Armenian Foreign Minister Edward Nalbandian participated in the international conference on the prevention of genocide titled “The Responsibility to Defend.” The event was organized by the Belgian ministry of Foreign Affairs on the 20th anniversary of the genocide of Tutsis in Rwanda.
The conference was attended by UN Secretary General Ban Ki-Moon, Secretary General of the Council of Europe Thorbjørn Jagland, heads of a number of other international organizations, Foreign Ministers from about 30 countries, other high-level delegations, prominent scholars.
Armenian Foreign Minister Edward Nalbandian’s speech is provided below:
“Ladies and Gentlemen,
I would like to thank Deputy Prime Minister Didier Reynders for organizing this important conference dedicated to Genocide Prevention on the occasion of the twentieth anniversary of the genocide in Rwanda. I would also like to thank Secretary-General Ban Ki-moon, as well as Secretary General of the Council of Europe Thorbjørn Jagland, the High Representative Cathy Ashton, for their personal engagement in supporting this event.
As Rwanda Genocide survivor Esther Mujawayo mentioned at the Human Rights Council High Level Panel Discussion dedicated to the Genocide Convention in Geneva four weeks ago, “Today is the fourth generation of Armenians who are still waiting”. Not only Armenians, for almost a 100 years the whole international community has been waiting for Turkey to recognize the Armenian Genocide. In fact next year it would be the Centenary of this tragedy. As a nation that survived the first genocide of the 20th century, we feel a strong moral responsibility to bring our contribution to international efforts in prevention of crimes against humanity.
Since the adoption of the 1948 Genocide Convention efforts were put for the elimination of the consequences of the Holocaust. The ensuing history of 60 years, Cambodia, Rwanda, Darfur and other tragedies demonstrated that all good-will is not enough to exclude crimes against humanity from happening again and again.
When we talk about impunity and absence of condemnation as a solid ground for recurrence of genocides, many refer to Hitler’s quotation from 1939 August when he rhetorically asked “Who today still speaks of the massacre of Armenians?” But even before coming to power, in one of his interviews to a German newspaper in June, 1931 Hitler contemptuously referred to the massacres of Armenians as a possible option for repetition with other peoples. Understandably one of the core causes of genocide recurrence or new attempts to crimes against humanity is the absence of an adequate united international response to it. Genocide prevention is a burden that should be shared. This requires political commitments by governments to stop genocide from happening anywhere in the world without subordinating that noble humanitarian cause to any geopolitical calculations.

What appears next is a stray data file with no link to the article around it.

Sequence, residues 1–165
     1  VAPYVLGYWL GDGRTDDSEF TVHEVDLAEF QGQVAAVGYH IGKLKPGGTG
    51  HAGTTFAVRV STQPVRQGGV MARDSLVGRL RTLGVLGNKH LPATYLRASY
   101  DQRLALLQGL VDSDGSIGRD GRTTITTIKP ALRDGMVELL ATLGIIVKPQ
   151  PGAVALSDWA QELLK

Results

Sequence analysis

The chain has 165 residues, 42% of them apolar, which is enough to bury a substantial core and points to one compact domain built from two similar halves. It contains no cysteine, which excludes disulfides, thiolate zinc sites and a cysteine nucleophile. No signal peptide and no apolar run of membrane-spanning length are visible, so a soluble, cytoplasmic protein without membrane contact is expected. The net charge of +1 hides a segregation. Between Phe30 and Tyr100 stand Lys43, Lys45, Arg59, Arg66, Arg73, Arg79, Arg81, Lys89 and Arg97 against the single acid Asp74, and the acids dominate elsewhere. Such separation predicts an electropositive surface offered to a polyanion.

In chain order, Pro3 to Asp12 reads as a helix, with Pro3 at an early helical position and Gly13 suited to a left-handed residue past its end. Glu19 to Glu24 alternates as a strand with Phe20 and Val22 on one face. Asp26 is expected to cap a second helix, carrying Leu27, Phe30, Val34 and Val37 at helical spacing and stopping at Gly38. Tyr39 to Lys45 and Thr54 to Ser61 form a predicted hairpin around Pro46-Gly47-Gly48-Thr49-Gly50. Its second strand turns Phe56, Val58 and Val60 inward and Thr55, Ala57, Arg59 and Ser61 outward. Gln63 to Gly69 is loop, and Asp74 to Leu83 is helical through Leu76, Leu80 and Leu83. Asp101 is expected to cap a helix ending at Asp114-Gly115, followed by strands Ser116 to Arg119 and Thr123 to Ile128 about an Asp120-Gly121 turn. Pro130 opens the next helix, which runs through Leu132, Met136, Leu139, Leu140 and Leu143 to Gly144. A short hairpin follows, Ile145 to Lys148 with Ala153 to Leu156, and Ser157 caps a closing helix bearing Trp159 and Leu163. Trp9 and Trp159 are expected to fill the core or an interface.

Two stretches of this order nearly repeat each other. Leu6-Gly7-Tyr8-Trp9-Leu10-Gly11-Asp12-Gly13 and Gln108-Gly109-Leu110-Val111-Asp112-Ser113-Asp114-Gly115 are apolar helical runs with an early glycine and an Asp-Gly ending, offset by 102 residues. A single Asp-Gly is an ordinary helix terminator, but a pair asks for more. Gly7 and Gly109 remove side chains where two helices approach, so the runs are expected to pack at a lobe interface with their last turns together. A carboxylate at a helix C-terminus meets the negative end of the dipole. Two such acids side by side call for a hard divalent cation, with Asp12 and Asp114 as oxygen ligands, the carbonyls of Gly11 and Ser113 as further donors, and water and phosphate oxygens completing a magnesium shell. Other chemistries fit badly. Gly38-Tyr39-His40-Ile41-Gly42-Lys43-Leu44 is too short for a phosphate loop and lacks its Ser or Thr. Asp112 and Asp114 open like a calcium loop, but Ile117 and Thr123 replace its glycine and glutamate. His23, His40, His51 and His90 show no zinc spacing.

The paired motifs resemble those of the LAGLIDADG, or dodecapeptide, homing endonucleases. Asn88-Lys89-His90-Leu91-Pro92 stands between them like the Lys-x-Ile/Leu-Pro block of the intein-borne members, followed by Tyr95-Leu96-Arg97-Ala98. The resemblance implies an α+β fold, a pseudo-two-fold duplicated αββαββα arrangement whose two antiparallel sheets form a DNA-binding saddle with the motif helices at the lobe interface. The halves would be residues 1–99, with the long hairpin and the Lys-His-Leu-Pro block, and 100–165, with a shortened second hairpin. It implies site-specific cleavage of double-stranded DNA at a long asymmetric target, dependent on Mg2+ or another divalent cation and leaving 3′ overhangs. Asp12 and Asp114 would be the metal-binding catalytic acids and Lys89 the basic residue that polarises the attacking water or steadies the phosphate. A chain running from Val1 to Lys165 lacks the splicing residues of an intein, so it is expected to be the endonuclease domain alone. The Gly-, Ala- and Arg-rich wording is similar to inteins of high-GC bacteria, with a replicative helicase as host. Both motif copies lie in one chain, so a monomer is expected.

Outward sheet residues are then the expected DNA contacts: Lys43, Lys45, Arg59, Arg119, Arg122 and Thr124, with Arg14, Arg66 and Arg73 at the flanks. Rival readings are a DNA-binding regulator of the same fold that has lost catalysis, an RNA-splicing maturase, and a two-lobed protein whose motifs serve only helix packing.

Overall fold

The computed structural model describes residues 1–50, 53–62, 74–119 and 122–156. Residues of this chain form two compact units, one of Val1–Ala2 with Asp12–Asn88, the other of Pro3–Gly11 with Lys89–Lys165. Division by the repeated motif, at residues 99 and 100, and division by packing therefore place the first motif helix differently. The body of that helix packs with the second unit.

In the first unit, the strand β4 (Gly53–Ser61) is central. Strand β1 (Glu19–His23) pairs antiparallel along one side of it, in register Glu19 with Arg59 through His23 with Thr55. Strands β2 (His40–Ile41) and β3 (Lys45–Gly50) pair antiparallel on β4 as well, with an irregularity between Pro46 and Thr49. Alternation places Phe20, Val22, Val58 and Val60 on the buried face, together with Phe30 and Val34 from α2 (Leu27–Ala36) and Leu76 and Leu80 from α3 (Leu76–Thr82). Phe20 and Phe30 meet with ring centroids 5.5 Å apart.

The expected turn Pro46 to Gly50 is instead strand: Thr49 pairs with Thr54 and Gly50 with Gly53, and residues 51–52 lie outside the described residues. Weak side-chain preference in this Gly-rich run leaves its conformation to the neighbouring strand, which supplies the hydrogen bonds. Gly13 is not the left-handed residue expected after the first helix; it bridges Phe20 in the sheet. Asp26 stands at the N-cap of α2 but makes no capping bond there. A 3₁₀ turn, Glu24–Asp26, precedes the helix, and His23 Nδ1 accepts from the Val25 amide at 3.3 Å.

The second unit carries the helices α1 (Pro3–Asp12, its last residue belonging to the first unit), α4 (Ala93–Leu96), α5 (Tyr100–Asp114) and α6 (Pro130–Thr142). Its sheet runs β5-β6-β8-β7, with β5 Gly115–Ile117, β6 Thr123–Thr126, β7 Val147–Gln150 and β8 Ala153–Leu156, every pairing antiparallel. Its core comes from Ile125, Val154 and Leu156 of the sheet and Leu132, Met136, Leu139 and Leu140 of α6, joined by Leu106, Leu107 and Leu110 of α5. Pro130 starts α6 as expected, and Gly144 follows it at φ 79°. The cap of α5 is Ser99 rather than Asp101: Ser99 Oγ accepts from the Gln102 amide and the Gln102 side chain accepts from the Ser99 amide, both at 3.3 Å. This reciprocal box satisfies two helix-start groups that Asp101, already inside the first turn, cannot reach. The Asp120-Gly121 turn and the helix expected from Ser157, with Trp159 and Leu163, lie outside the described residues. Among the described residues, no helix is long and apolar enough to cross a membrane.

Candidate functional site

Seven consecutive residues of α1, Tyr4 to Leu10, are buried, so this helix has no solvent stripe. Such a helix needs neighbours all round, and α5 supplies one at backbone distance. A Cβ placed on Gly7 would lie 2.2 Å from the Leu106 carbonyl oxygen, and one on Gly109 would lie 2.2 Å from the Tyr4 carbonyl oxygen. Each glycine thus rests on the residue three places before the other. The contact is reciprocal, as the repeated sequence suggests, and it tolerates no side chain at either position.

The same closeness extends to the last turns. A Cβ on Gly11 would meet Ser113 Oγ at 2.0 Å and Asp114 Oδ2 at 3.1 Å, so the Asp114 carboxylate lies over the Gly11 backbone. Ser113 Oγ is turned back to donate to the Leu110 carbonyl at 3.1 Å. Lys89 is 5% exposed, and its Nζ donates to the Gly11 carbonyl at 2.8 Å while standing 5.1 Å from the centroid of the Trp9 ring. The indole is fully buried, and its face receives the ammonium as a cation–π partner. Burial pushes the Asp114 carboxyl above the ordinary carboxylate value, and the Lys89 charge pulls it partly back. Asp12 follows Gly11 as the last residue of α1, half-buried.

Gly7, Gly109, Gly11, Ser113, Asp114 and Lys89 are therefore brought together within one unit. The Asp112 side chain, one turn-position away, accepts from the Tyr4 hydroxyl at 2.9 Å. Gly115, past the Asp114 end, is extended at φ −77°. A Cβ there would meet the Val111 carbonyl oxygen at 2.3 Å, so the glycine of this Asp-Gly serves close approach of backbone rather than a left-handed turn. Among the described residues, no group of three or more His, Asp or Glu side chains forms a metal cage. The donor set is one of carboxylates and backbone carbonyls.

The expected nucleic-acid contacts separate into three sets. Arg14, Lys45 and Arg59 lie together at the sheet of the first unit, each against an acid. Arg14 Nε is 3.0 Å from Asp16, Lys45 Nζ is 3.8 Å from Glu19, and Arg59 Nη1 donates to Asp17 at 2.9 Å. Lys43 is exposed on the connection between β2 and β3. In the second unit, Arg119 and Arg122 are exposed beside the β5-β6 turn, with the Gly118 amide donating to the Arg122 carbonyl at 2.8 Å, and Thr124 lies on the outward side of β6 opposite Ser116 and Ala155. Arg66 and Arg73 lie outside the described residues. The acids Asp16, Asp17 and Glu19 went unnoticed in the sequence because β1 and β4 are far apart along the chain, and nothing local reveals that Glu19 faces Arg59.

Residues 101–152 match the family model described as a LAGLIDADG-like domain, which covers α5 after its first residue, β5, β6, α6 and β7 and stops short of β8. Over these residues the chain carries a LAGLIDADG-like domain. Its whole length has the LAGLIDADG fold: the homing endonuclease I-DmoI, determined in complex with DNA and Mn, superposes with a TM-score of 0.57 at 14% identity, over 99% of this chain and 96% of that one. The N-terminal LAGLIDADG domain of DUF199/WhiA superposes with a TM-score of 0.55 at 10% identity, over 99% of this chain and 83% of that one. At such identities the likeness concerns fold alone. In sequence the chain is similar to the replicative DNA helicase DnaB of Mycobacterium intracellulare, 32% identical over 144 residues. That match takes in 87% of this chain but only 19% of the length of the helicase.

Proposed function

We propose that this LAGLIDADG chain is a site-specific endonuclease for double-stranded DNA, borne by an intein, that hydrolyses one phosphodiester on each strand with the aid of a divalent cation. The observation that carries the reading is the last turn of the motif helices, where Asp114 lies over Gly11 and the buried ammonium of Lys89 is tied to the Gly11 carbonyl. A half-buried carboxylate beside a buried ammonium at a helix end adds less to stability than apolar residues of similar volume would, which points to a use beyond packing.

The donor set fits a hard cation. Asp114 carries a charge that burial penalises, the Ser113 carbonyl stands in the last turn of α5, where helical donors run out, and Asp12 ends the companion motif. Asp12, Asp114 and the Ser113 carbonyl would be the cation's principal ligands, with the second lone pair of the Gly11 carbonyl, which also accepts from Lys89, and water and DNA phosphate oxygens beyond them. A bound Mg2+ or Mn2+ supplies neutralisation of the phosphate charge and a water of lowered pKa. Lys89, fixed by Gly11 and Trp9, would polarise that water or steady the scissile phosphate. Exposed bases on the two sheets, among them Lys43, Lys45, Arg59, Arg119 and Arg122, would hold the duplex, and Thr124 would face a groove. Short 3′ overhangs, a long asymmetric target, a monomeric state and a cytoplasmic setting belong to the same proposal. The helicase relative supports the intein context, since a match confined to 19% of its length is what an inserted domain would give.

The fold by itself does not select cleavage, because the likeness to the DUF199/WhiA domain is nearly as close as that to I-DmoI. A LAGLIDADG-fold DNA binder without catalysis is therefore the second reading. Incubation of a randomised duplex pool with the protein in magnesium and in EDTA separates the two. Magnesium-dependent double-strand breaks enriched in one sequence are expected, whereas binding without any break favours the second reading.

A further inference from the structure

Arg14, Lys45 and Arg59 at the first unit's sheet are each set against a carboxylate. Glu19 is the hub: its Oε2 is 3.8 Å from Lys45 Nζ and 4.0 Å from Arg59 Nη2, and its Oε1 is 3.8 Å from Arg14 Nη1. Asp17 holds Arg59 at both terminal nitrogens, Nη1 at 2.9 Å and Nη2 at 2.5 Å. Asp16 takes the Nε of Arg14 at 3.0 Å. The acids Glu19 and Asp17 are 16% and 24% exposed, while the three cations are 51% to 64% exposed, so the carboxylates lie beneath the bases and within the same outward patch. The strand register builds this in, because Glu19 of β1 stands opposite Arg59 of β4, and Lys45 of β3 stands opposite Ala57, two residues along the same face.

I share the opinion that an important dimension of the prevention of genocide is the prevention of maturing genocidal atmosphere. It is necessary not to ignore and root out such genocidal expressions, as hatred and hostility propagated on national, ethnic, racial and religious grounds. It is true that exact prediction seems not always possible but it is possible to identify danger zones and cases approaching the brink of genocide. The international community should evaluate the origins of genocidal atmosphere leading to this heinous crime and prevent it before it becomes too late. Genocide is an unthinkable crime for a society which is founded on tolerance and protection of fundamental human rights and freedoms.
The right of people to their memory, their right to knowledge of the history of past tragedies through education and remembrance has pivotal roles on the way to preventing and condemning genocide.
Such knowledge is extremely useful because grave experience shows that perpetrators of genocide in different geographical areas and different historical periods have been quick to identify the tactics of their murderous predecessors and learn from them. The Young Turk’s Committee of Union and Progress in Turkey, the National Socialist German Workers’ Party in Germany, the Hutu National Revolutionary Movement for Democracy in Rwanda all used special paramilitary organizations as the main perpetrators of mass killings. These were Teskilat Mahsusa, the Schutzstaffel, Interahamwe. There were several similarities in the genocidal processes as treatment of victims, expropriation of their properties, ways of extermination in these as well as other crimes against humanity.
The remembrance days of the victims of genocides, Mets Yeghern, Shoah, remembrance days in Cambodia, Rwanda, Darfur and other genocides should be approached with willingness to move towards recognition and reconciliation. True reconciliation does not mean forgetting the past or feeding younger generations with tales of denial. The civilized world resolutely rejects the incitement of hatred, racism, dissemination of intolerance, the denial of genocide, crimes against humanity under the guise of freedom of expression. The denial is a continuation of genocide.
Ladies and Gentlemen,
To conclude, I would like to mention the resolution on Prevention of Genocide initiated by Armenia and adopted by consensus by the Human Rights Council last year, which aims at the prevention of the future repetition of genocides through joint efforts of the international community. The key mechanisms envisaged in this resolution are the further development of the international capacities in early prevention. It is encouraging that the international bodies specialized in human rights protection have made the early warning and genocide prevention one of their priority tasks.”